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The Interplay of Ideology and Advice in Economic Policy-Making: The Case of Political Business Cycles

M. Stephen Weatherford
The Journal of Politics
Vol. 49, No. 4 (Nov., 1987), pp. 925-952
Stable URL: http://www.jstor.org/stable/2130778
Page Count: 28
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The Interplay of Ideology and Advice in Economic Policy-Making: The Case of Political Business Cycles
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Abstract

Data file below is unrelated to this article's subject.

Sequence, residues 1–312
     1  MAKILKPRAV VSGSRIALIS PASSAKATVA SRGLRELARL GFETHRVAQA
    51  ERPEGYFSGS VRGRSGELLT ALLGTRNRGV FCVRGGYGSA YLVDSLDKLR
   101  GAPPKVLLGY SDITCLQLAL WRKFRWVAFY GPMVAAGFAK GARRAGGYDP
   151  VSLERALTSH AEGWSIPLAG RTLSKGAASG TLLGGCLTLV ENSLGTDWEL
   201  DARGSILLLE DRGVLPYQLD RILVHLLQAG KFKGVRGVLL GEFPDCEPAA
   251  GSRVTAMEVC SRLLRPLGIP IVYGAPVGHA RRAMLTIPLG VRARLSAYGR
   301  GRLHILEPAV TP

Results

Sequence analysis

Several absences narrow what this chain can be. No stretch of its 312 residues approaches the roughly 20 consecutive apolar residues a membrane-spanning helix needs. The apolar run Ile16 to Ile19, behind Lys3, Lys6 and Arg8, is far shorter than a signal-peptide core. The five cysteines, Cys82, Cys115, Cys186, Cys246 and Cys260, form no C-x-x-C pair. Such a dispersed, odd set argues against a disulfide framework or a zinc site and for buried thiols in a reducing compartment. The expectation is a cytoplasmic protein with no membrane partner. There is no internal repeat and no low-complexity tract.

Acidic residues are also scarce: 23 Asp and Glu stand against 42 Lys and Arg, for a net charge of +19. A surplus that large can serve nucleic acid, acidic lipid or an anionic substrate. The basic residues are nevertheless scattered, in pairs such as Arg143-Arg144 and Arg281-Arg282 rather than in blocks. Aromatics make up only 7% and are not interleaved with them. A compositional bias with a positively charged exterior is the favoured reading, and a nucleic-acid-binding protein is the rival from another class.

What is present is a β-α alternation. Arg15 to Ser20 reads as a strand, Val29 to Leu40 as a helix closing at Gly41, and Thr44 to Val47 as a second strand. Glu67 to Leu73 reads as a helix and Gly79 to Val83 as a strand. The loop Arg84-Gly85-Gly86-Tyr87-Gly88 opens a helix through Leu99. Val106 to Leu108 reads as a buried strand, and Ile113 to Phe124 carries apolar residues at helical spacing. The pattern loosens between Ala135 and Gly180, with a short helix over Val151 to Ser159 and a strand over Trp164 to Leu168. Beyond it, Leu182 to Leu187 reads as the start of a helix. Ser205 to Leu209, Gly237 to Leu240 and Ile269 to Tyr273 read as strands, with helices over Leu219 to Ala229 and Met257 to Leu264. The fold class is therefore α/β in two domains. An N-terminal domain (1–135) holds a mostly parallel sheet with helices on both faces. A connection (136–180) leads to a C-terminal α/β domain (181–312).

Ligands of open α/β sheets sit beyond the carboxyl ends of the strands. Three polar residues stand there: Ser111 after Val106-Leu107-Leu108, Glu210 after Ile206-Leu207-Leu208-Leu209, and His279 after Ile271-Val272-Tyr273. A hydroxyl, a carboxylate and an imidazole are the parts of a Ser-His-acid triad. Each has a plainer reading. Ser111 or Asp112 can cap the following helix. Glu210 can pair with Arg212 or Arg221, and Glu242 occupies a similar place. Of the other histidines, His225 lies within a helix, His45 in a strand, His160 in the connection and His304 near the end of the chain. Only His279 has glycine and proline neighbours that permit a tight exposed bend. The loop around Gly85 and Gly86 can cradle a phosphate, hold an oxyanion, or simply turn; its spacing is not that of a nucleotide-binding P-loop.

Political business cycle models propose an attractive rationale for presidents to manipulate the economy: it is a way to win votes. But there is little empirical support for the hypothesis. The problem with positing that vote maximization leads to political business cycles is clear: the incentive is universal; the facilitating economic and political conditions occur frequently; but the outcome occurs seldom. Why is it that only some presidents respond to the incentive only some of the time? What features of an administration might help us explain or predict the occurrence of such cycles? The issues here are not limited to economic policy-making: they raise questions about goal-setting and policy coordination. Focusing on economic policy helps to structure observations within an important but bounded context. This paper focuses on two critical aspects of economic policy-making: the president's economic ideology summarizes the administration's goals; the organization of economic advice provides a means through which they might be sought. The empirical section concentrates on economic policy-making in the two post-war administrations most in need of explanation: the Eisenhower years, when there were opportunities but no electoral cycles; and the Nixon administration, the most egregious instance of the political business cycle genre. The concluding section elaborates the classification and tentatively maps other administrations into the model.

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